A Red Deer resident has honoured her murdered sister by taking part in an annual vigil to remember missing and murdered Aboriginal women and girls across the country.
For Vikki Cowan, Dec. 17, 1984, was the hardest day of her life. It’s when her sister Susan Anne Siegel, 21, was murdered in Toronto.
She, along with dozens, attended the sixth annual Sisters in Spirit vigil to remember missing and murdered Aboriginal women and girls across the country.
“I miss my sister with all my heart,” said Cowan. “She was a dream.”
According to a Toronto Police Service document Cowan provided, the cold case file victim, Siegel, was discovered on a sidewalk. She was pronounced dead at the scene.
Residents walked for their sisters, daughters, mothers, aunts, from the Red Deer Native Friendship Society to the Red Deer Museum and Art Gallery for a sharing circle.
They shared stories of women who have been lost, whose bodies have never been found and their cases — never solved, said Lianne Hazel, director of administration at the Red Deer Native Friendship Society.
That’s why the sharing circle is part of Red Deer’s ceremony. People shared their stories and received support from everyone in the room.
“In some cases, women who have gone missing, and have either turned up dead or families have never heard from them again,” she said.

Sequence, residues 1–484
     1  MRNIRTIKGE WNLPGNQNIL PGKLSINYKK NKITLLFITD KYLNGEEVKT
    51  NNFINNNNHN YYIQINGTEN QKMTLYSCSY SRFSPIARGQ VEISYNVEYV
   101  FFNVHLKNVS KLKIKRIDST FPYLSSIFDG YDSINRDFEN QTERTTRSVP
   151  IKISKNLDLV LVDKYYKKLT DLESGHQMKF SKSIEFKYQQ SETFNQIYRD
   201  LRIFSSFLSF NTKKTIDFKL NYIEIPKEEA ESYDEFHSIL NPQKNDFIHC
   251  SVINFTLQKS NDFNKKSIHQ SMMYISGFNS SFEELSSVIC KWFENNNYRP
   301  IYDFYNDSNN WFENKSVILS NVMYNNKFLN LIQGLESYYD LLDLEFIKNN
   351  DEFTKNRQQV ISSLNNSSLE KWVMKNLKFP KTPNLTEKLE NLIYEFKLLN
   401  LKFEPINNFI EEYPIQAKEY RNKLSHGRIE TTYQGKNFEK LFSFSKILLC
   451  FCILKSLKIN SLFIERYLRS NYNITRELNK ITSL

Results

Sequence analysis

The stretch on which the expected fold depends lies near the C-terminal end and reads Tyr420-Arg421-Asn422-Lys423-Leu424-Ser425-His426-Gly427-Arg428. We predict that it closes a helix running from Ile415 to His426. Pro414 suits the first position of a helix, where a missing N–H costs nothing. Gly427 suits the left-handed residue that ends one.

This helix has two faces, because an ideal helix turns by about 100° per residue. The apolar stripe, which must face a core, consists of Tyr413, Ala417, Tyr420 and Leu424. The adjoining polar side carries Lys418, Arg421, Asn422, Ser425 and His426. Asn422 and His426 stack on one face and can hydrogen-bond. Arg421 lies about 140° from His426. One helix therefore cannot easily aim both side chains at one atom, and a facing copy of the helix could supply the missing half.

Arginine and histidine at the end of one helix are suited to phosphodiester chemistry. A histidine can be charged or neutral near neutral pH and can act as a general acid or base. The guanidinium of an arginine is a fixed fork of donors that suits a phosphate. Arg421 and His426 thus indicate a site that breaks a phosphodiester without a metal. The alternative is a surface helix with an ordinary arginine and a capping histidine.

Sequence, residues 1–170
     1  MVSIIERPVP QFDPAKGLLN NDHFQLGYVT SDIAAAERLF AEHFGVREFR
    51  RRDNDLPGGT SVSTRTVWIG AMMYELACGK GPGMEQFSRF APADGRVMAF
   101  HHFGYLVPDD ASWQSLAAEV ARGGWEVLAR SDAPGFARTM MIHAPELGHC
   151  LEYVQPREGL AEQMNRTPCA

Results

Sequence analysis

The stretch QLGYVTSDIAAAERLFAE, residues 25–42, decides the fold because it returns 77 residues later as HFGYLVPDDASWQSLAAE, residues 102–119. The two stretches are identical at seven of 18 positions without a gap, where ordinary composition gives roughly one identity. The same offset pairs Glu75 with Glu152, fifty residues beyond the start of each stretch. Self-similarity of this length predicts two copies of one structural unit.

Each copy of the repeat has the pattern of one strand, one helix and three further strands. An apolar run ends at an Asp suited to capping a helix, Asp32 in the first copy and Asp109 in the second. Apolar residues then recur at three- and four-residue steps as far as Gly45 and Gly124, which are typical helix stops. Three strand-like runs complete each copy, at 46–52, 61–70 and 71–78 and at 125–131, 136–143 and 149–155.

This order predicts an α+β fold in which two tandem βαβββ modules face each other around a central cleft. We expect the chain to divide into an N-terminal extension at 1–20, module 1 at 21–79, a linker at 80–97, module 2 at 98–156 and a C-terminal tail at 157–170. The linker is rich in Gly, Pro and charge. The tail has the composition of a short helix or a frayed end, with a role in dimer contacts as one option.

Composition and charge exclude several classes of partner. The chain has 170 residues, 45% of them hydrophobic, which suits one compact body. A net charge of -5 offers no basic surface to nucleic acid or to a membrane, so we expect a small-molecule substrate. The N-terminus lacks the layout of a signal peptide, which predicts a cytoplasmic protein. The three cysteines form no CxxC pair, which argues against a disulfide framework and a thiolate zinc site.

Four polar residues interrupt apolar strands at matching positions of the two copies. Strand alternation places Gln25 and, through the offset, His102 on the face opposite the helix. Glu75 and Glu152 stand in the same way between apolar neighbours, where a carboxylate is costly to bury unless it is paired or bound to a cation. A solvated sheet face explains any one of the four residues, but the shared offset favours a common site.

The case numbers are high, explained Hazel.
“In Canada, we have more than 1,200 missing and murdered Aboriginal women and girls whose cases have never been solved and one is far too many,” she said.
Sisters in Spirit honours, remembers and brings awareness to the missing and murdered Aboriginal women and girls across the country. The Sisters in Spirit movement in Red Deer started six years ago.
The turnout at the annual ceremony is about a 100 and about 65 residents took part in the 2017 vigil.
Sisters in Spirit first started on Oct. 4, 2006, by the Native Women’s Association of Canada (NWAC) marking the day to honour lost loved ones.
The first year, there were 11 events in Canada. Today, that number has increased to more than 200 ceremonies coast-to-coast.
The movement is an important one, said Hazel, who wants to see action from the government. She credits the government for starting the national inquiry into missing and murdered Indigenous women and girls, but there’s more to be done.
“I’m glad this case is in front of politician’s minds. However, there has been a lot of studying, and I believe it’s time to put some action in place,” she said.